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1 Peter 1:2

Adam Clarke
Bible Commentary

Elect according to the foreknowledge of God - If the apostle had directed his letter to persons elected to eternal life, no one, as Drs. Lardner and Macknight properly argue, could have received such a letter, because no one could have been sure of his election in this way till he had arrived in heaven. But the persons to whom the apostle wrote were all, with propriety, said to be elect according to the foreknowledge of God; because, agreeably to the original purpose of God, discovered in the prophetical writings, Jews and Gentiles, indiscriminately, were called to be the visible Church, and entitled to all the privileges of the people of God, on their believing the Gospel. In this sense the word elected is used in other places of Scripture; see 1 Thessalonians 1:4, and the note there.

The Rev. J. Wesley has an excellent note on this passage, which I shall transcribe for the benefit of those of my readers who may not have his works at hand.

"Strictly speaking, there is no foreknowledge, no more than afterknowledge, with God; but all things are known to him as present, from eternity to eternity. Election, in the scriptural sense, is God's doing any thing that our merit or power has no part in. The true predestination or foreappointment of God is,

  1. He that believeth shall be saved from the guilt and power of sin.
  • He that endureth to the end shall be saved eternally.
  • They who receive the precious gift of faith thereby become the sons of God; and, being sons, they shall receive the Spirit of holiness, to walk as Christ also walked.
  • Throughout every part of this appointment of God, promise and duty go hand in hand. All is free gift; and yet, such is the gift, that it depends in the final issue on our future obedience to the heavenly call. But other predestination than this, either to life or death eternal, the Scripture knows not of: moreover,

    1. It is cruel respect of persons; an unjust regard of one, and an unjust disregard of another: it is mere creature partiality, and not infinite justice.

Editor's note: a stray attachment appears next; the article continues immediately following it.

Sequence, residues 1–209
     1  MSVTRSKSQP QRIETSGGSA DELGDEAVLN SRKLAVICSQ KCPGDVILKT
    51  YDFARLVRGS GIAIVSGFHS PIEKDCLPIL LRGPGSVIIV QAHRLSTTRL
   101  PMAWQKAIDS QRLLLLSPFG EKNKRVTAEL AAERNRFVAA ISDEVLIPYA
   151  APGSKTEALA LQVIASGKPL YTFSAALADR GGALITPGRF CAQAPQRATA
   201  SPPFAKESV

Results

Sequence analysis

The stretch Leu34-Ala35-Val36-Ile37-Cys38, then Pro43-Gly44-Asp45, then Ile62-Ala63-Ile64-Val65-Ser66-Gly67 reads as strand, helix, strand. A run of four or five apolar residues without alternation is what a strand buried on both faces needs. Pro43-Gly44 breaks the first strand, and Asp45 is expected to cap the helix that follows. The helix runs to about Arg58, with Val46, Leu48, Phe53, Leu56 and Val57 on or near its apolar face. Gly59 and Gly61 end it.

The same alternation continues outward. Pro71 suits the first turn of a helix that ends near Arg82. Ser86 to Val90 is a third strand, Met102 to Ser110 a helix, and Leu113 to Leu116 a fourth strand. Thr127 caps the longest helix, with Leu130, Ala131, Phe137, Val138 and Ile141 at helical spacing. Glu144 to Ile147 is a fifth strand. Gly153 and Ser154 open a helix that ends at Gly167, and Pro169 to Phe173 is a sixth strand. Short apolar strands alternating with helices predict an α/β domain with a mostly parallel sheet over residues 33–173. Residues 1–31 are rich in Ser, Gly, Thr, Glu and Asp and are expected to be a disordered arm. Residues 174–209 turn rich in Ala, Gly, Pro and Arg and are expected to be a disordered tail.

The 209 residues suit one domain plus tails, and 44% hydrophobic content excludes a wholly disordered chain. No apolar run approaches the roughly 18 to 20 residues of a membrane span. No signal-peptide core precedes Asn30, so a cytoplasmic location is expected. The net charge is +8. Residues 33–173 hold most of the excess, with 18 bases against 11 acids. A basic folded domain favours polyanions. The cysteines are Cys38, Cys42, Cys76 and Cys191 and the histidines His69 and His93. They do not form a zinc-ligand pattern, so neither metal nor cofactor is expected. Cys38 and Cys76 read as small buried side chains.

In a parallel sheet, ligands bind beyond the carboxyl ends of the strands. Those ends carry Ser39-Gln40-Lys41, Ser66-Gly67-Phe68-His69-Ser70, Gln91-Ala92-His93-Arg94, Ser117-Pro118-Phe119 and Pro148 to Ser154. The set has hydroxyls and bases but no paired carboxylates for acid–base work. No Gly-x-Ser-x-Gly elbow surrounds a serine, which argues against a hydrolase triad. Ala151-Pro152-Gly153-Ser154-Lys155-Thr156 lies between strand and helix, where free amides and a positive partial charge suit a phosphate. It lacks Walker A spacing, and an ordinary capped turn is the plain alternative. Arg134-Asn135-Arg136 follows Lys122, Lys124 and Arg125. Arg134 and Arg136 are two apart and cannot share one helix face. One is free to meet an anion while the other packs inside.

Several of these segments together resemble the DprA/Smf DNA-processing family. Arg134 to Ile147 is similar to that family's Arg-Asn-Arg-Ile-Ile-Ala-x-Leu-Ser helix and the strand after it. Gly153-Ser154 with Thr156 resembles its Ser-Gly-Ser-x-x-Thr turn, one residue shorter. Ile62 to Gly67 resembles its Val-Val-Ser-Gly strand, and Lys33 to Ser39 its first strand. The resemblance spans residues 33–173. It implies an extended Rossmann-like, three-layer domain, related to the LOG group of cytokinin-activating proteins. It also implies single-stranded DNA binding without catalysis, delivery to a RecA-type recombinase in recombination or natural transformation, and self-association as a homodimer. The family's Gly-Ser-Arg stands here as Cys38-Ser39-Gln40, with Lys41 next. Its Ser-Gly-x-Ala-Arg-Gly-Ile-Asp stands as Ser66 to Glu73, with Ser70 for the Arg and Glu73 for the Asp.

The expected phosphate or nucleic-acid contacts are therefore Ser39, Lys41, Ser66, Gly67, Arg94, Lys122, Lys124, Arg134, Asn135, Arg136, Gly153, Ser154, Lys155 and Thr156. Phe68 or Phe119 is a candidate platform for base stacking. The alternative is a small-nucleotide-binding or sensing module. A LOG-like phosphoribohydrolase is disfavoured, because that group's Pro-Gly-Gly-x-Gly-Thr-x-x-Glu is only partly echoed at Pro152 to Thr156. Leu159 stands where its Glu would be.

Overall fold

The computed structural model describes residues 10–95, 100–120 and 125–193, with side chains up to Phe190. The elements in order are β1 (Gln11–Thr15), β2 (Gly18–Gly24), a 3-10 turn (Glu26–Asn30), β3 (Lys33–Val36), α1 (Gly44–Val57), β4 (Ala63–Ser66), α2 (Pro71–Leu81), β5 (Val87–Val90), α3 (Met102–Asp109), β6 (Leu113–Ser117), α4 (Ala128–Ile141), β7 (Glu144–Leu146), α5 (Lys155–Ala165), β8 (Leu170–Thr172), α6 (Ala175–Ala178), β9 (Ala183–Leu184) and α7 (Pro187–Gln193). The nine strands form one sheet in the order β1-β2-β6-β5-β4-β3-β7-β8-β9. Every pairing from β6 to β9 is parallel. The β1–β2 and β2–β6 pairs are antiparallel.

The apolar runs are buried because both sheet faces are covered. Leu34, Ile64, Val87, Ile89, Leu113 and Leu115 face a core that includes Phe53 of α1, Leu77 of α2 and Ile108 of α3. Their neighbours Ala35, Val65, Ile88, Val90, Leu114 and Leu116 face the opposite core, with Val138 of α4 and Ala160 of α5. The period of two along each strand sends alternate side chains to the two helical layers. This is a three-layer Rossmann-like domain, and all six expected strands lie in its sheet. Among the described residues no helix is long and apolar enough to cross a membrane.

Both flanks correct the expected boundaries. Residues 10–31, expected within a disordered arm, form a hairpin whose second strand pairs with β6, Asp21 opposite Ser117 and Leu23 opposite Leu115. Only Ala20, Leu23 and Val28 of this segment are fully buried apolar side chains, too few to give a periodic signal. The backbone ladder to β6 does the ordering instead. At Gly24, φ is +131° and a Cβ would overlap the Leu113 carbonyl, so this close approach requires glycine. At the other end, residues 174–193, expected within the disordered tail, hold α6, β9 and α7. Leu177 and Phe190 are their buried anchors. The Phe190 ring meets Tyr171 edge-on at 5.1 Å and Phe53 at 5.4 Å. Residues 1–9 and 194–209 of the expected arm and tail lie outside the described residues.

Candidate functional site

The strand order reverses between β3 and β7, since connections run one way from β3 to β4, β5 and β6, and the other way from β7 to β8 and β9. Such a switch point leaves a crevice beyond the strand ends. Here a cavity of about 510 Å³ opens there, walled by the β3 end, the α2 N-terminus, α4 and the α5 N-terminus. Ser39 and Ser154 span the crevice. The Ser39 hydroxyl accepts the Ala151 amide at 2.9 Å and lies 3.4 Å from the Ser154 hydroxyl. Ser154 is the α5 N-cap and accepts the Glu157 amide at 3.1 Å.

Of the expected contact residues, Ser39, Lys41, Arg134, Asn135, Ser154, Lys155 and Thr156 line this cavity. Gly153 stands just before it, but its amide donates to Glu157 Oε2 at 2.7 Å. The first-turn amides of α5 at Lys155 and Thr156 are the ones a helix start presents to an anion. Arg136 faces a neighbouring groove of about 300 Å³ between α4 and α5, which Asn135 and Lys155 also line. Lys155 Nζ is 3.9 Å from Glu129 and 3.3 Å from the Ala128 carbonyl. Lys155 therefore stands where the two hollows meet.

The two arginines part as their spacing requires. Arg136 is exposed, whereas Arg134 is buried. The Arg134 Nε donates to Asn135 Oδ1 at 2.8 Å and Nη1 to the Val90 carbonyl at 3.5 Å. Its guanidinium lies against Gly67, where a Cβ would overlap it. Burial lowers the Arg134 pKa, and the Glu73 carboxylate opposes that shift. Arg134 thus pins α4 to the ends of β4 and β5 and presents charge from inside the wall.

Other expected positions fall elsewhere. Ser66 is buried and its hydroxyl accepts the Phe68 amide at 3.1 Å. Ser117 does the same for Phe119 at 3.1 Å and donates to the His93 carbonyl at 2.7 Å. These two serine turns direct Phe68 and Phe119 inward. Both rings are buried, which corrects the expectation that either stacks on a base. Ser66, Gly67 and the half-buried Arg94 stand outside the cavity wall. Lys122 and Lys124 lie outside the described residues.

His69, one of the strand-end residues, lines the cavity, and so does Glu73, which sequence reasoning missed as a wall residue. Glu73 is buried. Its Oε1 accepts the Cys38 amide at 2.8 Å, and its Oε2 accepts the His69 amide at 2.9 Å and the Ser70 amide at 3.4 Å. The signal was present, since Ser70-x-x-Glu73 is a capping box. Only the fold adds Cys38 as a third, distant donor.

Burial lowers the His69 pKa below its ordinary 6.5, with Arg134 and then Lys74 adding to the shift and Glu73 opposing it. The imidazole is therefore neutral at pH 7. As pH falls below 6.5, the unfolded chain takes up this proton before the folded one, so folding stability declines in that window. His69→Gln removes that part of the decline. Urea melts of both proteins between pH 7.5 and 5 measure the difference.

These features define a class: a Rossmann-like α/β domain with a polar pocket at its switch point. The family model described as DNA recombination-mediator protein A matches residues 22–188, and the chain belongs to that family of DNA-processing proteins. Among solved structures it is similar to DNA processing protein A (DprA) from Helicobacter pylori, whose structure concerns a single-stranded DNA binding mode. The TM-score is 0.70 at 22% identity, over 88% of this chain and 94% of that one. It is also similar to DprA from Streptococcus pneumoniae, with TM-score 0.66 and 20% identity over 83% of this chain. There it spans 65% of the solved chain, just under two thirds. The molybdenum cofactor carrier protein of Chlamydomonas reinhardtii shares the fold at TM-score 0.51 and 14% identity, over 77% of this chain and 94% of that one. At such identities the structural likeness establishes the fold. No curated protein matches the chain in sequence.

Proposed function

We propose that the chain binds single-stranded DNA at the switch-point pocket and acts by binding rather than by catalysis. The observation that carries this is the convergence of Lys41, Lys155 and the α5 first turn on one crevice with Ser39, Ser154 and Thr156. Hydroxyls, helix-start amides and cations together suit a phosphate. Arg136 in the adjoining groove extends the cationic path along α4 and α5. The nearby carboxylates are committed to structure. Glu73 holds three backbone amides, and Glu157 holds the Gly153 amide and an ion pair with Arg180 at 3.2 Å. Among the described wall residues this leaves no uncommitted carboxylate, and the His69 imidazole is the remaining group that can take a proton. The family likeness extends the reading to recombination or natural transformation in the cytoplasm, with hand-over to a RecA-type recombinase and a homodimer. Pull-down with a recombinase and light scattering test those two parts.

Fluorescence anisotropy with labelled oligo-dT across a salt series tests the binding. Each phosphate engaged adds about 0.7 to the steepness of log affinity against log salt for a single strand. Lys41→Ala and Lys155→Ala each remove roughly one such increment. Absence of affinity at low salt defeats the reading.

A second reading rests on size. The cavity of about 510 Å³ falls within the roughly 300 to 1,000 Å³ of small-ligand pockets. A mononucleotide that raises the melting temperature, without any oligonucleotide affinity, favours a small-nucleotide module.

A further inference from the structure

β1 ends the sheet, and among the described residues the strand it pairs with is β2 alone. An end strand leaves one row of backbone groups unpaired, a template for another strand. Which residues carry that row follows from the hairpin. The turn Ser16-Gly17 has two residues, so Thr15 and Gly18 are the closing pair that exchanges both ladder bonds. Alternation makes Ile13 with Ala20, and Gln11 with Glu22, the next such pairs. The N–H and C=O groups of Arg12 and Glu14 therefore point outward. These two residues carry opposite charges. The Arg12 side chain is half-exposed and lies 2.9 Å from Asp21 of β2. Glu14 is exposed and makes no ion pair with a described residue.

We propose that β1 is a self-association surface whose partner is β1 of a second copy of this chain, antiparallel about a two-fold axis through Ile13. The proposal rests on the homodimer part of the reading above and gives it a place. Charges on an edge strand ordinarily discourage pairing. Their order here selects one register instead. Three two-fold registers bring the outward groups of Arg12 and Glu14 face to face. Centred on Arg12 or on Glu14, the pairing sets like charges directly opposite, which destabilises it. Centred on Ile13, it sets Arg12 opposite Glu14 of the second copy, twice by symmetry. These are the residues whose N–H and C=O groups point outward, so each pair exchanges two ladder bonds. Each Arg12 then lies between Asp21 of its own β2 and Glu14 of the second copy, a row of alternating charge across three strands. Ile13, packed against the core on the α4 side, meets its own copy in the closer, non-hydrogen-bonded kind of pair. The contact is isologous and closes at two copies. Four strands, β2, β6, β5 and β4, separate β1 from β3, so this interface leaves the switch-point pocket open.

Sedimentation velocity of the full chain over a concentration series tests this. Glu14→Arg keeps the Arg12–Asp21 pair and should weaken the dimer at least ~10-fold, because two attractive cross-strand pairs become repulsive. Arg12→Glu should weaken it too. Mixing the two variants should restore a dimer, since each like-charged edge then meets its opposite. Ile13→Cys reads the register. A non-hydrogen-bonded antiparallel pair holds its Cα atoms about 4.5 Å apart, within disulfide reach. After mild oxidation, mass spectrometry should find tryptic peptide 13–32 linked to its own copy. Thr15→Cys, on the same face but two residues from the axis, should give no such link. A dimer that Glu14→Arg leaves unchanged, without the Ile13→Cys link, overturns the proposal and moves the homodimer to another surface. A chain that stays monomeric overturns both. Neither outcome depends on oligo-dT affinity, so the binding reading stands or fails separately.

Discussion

• It is not plain Scripture doctrine, (if true), but rather inconsistent with the express written word that speaks of God's universal offers of grace; his invitations, promises, threatenings, being all general.
  • We are bid to choose life, and reprehended for not doing it.
  • It is inconsistent with a state of probation in those that must be saved, or must be lost.
  • It is of fatal consequence; all men being ready, on very slight grounds, to fancy themselves of the elect number.
  • But the doctrine of predestination is entirely changed from what it formerly was: now it implies neither faith, peace, nor purity; it is something that will do without them all. Faith is no longer, according to the modern predestination scheme, a Divine evidence of things not seen wrought in the soul by the immediate power of the Holy Ghost; not an evidence at all, but a mere notion: neither is faith made any longer a means of holiness, but something that will do without it. Christ is no more a Savior from sin, but a defense and a countenancer of it. He is no more a fountain of spiritual life in the souls of believers, but leaves his elect inwardly dry, and outwardly unfruitful; and is made little more than a refuge from the image of the heavenly, even from righteousness, peace, and joy in the Holy Ghost."

    Through sanctification of the Spirit - through the renewing and purifying influences of his Spirit on their souls, unto obedience - to engage and enable them to yield themselves up to all holy obedience, the foundation of all which is the sprinkling of the blood of Jesus Christ - the atoning blood of Jesus Christ which was typified by the sprinkling of the blood of sacrifices under the law, in allusion to which it is called the blood of sprinkling.

    Albert Barnes
    Notes on the Whole Bible